Sultan Saiful Rijal was the seventh Sultan of Brunei. During his reign, the Castille War broke out in 1578. He died in 1581 and was replaced by his son, Shah Brunei.
Arsen Marjan is a Bruneian/Serbian football defender playing for FK Palilulac Beograd. He had previously played with Persuatan Belia Kilanas in Brunei, FK Milicionar Beograd, PKB Padinska Skela, and FK Zvezdara in the 2001-02 First League of FR Yugoslavia. Then he played in 2002-03 with Apollon Limassol in the Cypriot First Division, in 2003 back in Serbia with FK Železnik, FK Beograd, FK Radnički Jugopetrol and FK Zeta, before moving to Greece in December 2005 to play with Panserraikos F.C. and Anagennisi Karditsa F.C. in the OPAP League, beside short spells with Ilisiakos F.C., Fostiras F.C.. He returned to Serbia in January 2011 to play with FK Palilulac Beograd in the Serbian League Belgrade. He holds both Bruneian and Serbian citizenship. Occasionally he is names in Serbia Marijan instead of Marjan.
Yang Amat Mulia Pengiran Anak Khairul Khalil is the eldest son and second child of Pengiran Syed Haji Jaafari bin Pengiran Syed Haji Mashor and Hajah Sarbanun Haji Abdi Manaf. The eldest child in the family is a daughter and Pengiran Khairul Khalil also has two younger siblings: a brother and sister. Pengiran Khairul Khalil holds a BTEC Higher National Diploma in Building Studies from the University of Teesside, United Kingdom. He is currently the Assistant Executive Officer at the Prime Minister&rsquos Office. His hobbies are graphic designing, multimedia and video production, interior designing, and soccer.
Omar Ali Saifuddin I
Omar Ali Saifuddin I was the Sultan of Brunei from 1740 until his death in 1795. He succeeded his father in law, Sultan Husain Kamaluddin as Sultan of Brunei upon the latter's abdication from the throne in 1740.
Ak Hafiy Tajuddin Rositi
Olympic Track and field Athlete
Ak Hafiy Tajuddin Rositi is a Bruneian runner. He competed at the 2012 Summer Olympics in the 400 m event and he was defeated after first round although he finished in his personal best after 48.67. The 5th child of 10 siblings.
Emran bin Bahar
Emran bin Bahar is a Bruneian diplomat and is currently the Ambassador Extraordinary and Plenipotentiary of Negara Brunei Darussalam to the Russian Federation. Bahar graduated from Keele University with a B.A. in International Relations and continued studies for his Masters in International Relations at the Australian National University in 1994 from which received his Ph.D in 1998.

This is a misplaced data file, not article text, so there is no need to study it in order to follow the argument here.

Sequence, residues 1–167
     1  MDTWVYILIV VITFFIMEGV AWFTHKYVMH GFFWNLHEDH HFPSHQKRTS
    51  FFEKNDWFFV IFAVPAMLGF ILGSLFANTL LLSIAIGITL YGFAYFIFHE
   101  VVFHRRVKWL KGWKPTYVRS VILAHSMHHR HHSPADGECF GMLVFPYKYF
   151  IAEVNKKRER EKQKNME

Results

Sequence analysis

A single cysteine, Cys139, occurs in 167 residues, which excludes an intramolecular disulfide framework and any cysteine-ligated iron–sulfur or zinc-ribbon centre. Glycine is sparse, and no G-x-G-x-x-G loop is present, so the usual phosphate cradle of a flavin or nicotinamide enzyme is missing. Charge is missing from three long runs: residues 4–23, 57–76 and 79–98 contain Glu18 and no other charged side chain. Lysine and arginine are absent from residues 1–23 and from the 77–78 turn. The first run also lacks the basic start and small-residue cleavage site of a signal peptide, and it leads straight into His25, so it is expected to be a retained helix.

Her Royal Highness Princess Masna, is the sister of His Majesty Sultan Haji Hassanal Bolkiah Muizzaddin Waddaulah. She was born in 1948 and is married to Yang Amat Mulia Pengiran Lela Sahibun Najabah Pengiran Haji Abdul Aziz bin Pengiran Jaya Negara Pengiran Haja Abu Bakar, the Principal of Royal Customs and Protocol. She graduated from Universiti Brunei Darussalam with a first degree and a Masters. In 1995, she was appointed as the Ambassador-at-Large at the Ministry of Foreign Affairs where she led a number of delegations abroad both as Acting Minister of Foreign Affairs as well as Ambassador-at-large. She is also active in other areas including being the Patron for the Girl Guides Association as well as being Commander of the Women's Police Corps.
Traveling to Brunei
Despite having miles of beautiful coast, most travelers to Brunei only visit the capital city of Bandar Seri Begawan. The roads and infrastructure in Brunei are excellent. Due to an abundance of oil and low fuel prices, local buses and taxis are the most cost-effective means of getting around.
Brunei is typically a short stopover for travelers crossing by bus between the Malaysian Borneo states of Sarawak and Sabah. Nearby duty-free Labuan Island—part of Sabah—is an alternative route in and out of Brunei. Miri in Sarawak is the last major town in Borneo before crossing into Brunei.
Visits of 90 days or longer require a travel visa before entering Brunei. Transit visas of 72 hours are available at the border.
Travel in Brunei will be affected during Ramadan. Read about what to expect during Ramadan travel and important considerations for Ramadan.
Although the Brunei people are predominantly Malay, a significant portion of their culture is influenced by the Islamic religion.
Here are some of the most notable cultures of Brunei:
- As a Sharia country, the Brunei people are expected to follow Islamic law, practices, and teachings. But unlike other Islamic countries that follow the Sharia law, the women of Brunei play a much higher status in the country and are allowed to hold positions in the government.
- Women dress modestly in Brunei and visitors are expected to do the same. When visiting religious places such as the mosque, women must make sure to cover their knees, arms, and head. Shoes have to be removed before getting inside a local home and mosques.
- Bruneians may not be comfortable with shaking hands with people from the opposite sex, and it’s deemed impolite to point someone using the index finger. Many of the younger men and women, however, may have already adopted the western concept of shaking hands with the other gender.
- As a country that follows the Sharia law, the sale of alcohol is strictly prohibited. The nightlife in Brunei has a totally different scene than that of its neighboring countries because there are no nightclubs, bars, and casinos. Visitors are expected to follow the rules, or severe penalties will be imposed for any offenses.